The D.T. Suzuki Museum in Kanazawa

Posted on October 18, 2018 by Toothpicker There have been 0 comments

D.T. Suzuki Museum

 

Out of all the sights I visited in Kanazawa, my favourite was the tranquil and minimalist D.T. Suzuki Museum, a small museum commemorating the life and works of Suzuki Daisetz Teitaro (1870-1966), a prominent Buddhist philosopher and writer.

Suzuki received his Buddhist training at the Engakuji Zen monastery in Kamakura and later became a professor of Buddhist philosophy at Otani University in Kyoto. Aside from Japanese, Suzuki was proficient in English, Chinese and Sanskrit, and he translated numerous religious texts and scholarly articles. He was also the author of more than 100 works on Zen and Buddhism in both Japanese and English. I have read one of his most popular books: "An Introduction to Zen Buddhism" (1934), which is considered an influential book that brought the teachings of Zen Buddhism to the Western world esp. to the United States.

 

D.T. Suzuki Museum   D.T. Suzuki Museum

D.T. Suzuki Museum

 

The museum opened in 2011 and it was designed by well-renowned Japanese architect, Yoshio Taniguchi (also known for his redesign of the Museum of Modern Art in New York). The architecture and landscape is so serene and calming that it is hard not to want to slow down when you enter the museum. There are only a few exhibit rooms showcasing the writings and some photographs of Suzuki, but it is sufficient for visitors to learn about his dedication to Zen Buddhism.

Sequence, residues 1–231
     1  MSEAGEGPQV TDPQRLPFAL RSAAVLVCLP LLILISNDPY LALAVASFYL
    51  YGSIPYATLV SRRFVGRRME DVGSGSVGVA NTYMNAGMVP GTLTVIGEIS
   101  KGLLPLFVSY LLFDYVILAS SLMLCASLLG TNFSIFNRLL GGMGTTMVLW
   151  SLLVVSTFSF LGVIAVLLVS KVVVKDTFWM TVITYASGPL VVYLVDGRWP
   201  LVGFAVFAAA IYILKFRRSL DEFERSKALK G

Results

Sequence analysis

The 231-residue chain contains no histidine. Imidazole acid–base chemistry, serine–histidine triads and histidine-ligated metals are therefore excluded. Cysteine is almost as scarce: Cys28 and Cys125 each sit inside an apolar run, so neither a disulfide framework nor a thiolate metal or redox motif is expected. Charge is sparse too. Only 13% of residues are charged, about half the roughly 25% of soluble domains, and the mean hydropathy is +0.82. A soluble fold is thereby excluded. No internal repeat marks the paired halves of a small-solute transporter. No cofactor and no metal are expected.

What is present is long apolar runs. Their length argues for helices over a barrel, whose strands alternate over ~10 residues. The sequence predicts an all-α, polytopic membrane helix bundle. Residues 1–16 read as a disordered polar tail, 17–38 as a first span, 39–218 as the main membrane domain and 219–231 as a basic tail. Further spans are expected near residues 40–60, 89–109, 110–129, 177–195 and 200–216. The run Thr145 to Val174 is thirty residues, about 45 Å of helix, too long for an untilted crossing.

Outside of the main building, there is the Contemplative Space, where visitors can sit in a large room with benches, take time to meditate or contemplate while enjoying the view of the Water Mirror Garden outside.

 

D.T. Suzuki Museum

D.T. Suzuki Museum

D.T. Suzuki Museum

D.T. Suzuki Museum

D.T. Suzuki Museum

 

The Water Mirror Garden outside also embodies the same Zen and tranquil quality found inside the museum and in the Contemplative Space. There is much harmony between the architecture and nature, and in many ways, I think this museum can be seen as a modern 'Zen temple'.

Here is a quote from "An Introduction to Zen Buddhism" by Suzuki on Zen:

The idea of Zen is to catch life as it flows. There is nothing extraordinary or mysterious about Zen. I raise my hand; I take a book from the other side of the desk; I hear the boys playing ball outside my window; I see the clouds blown away beyond the neighbouring wood: — in all these I am practising Zen, I am living Zen. No wordy discussions is necessary, nor any explanation. I do not know why — and there is no need of explaining, but when the sun rises the whole world dances with joy and everybody’s heart is filled with bliss. If Zen is at all conceivable, it must be taken hold of here.

 

D.T. Suzuki Museum

D.T. Suzuki Museum

 

The back exit of the museum can lead you out to the top of the hill where you can get a view of the 21st Century Museum of Contemporary Art. And as you follow the path, you will reach Kenroku-en, one of the Three Great Gardens of Japan.

 

kanazawa

kanazawa

kanazawa

 

 


This post was posted in Architecture, Travel, Nature, Buddhism & meditation, Anything Japanese, Gardens & parks, Contemporary, Japan and was tagged with nature, museums, contemporary architecture, Japanese architecture, Zen Buddhism, zen gardens, Kanazawa, D.T. Suzuki Museum

Comments